If the landscape is the art of the earth, then nature is an infinite living sculpture to be molded by men into his needs. Landscape designers and architects always redesign the landscape, much more regularly than the architecture of buildings. This process gives rise to a system of forms that work simultaneously to transform and replace them at all times.
The landscape is a dynamic and transcultural area of land. It exists both physically and within the imagination of human beings. In it, they perceive, admire, and enhances this particular object. Architects, landscape architects, naturalists, and architecture students study their forms to come up with fresh ones. In the same vein, we perceive the landscape as an adventure both to look at and to produce.
Cohesion Of Landscape Elements
Shape and form are integral elements in pursuing a well balanced and varied landscape design, including contributing to various types and style themes. Here you will have to identify obscure architectural jargon to help you navigate the design process and convey your desires for an aesthetically pleasing landscape. Form contributes to the creation of an alluring three-dimensional quality landscape. This form may include the flow between outdoor areas, landscape topography, as well as smaller elements, such as hedges, trees, foliage and hardscape structures like outdoor fireplaces and retaining walls.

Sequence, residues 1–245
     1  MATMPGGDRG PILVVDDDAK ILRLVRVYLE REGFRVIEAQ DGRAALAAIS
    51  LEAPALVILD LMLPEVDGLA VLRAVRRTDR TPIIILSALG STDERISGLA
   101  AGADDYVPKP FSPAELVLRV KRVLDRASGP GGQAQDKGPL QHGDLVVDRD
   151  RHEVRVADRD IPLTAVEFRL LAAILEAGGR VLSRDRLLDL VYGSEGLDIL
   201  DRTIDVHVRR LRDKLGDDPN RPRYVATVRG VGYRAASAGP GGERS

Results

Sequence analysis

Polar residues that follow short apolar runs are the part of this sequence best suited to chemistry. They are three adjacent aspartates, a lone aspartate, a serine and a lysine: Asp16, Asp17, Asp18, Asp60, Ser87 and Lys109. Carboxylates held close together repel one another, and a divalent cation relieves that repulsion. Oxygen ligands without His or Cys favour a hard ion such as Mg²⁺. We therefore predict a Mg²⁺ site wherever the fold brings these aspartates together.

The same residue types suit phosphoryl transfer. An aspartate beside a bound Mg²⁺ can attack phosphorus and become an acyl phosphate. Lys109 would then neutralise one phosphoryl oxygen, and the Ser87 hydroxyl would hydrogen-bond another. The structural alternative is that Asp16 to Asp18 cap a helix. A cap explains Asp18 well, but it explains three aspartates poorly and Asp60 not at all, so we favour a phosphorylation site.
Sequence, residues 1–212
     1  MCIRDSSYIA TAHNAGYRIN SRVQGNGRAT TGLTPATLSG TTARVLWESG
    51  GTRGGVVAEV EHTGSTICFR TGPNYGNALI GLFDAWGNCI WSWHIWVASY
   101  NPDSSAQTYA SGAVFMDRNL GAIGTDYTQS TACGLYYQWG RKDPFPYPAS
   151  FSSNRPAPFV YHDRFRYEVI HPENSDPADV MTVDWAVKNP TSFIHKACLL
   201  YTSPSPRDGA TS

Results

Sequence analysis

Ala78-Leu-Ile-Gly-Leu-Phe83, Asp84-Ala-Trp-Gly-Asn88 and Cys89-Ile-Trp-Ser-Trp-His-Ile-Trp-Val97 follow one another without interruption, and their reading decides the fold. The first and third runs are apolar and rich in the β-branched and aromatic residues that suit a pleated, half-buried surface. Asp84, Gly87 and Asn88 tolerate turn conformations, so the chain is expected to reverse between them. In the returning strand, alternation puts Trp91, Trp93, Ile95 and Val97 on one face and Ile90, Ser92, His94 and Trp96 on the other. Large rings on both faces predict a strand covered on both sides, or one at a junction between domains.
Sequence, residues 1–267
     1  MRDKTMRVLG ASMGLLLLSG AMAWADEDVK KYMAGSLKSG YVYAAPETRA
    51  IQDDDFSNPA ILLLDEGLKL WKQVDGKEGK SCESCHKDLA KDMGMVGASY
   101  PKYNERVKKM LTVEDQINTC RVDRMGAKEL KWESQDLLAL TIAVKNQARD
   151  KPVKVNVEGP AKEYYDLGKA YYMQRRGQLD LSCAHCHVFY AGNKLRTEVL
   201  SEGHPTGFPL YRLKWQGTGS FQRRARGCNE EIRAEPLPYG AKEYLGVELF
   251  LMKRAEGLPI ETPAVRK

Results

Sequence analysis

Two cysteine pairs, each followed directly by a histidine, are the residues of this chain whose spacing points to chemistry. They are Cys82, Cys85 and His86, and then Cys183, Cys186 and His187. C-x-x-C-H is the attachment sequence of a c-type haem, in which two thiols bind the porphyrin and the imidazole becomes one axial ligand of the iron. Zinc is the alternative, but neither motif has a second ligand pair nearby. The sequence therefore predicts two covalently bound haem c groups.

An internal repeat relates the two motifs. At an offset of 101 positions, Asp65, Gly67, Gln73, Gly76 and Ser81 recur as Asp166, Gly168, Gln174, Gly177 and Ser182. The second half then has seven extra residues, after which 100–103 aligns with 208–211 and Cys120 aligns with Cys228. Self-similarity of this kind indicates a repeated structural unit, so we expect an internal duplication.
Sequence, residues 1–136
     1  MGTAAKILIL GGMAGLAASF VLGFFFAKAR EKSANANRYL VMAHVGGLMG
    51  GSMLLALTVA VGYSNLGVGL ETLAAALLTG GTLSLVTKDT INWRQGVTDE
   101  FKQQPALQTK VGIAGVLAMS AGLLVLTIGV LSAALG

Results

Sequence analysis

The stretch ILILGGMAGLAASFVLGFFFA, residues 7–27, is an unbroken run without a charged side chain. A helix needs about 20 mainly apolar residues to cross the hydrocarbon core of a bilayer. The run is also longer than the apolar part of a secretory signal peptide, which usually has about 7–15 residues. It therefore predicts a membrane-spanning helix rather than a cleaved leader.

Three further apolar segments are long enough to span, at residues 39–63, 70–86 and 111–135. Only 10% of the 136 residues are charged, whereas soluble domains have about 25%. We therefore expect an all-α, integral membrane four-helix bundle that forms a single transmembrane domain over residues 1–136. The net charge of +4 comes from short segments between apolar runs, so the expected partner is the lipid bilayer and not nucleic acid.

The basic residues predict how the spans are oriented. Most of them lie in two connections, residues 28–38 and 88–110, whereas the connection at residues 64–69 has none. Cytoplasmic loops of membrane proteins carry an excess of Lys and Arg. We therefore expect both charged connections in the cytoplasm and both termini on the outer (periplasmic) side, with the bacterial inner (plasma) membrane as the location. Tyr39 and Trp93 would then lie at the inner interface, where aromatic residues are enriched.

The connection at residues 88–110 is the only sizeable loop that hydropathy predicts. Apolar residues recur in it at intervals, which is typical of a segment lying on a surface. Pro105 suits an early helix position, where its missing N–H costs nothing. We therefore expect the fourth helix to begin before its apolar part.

Having a variety of forms can prevent the landscape from appearing too dull. For example, rounded, organic forms strike a delicate balance against a hardscape surface, outdoor structure, or the sharp angles in a home's architecture. Rigid types such as low or retaining walls are used to create order and draw a distinction between two outdoor areas. Selecting the ideal form theme for your landscape is the first thing you have to decide on when working with a landscape architect. A form theme determines the entire architectural style of your property.
Take geometric designs, for instance. This design style relies on clean lines, precise shapes, and a more systematic form. Architects typically apply this style to formal landscapes with impeccably carved flowerbeds, square hedges, and sharp or right-angled walkways. Geometric designs also fall under a strand of modern landscape designs that focus on the shape and form rather than decorative elements to garner visual interest.
Meanwhile, free form designs gravitate towards more natural-looking shapes and forms. These may include turning walkways, winding lines, trees, and shrubs without a definite way and retaining walls that border the land. Architects employ these freeform designs in more relaxed style designs such as country, cottage, and rustic styles.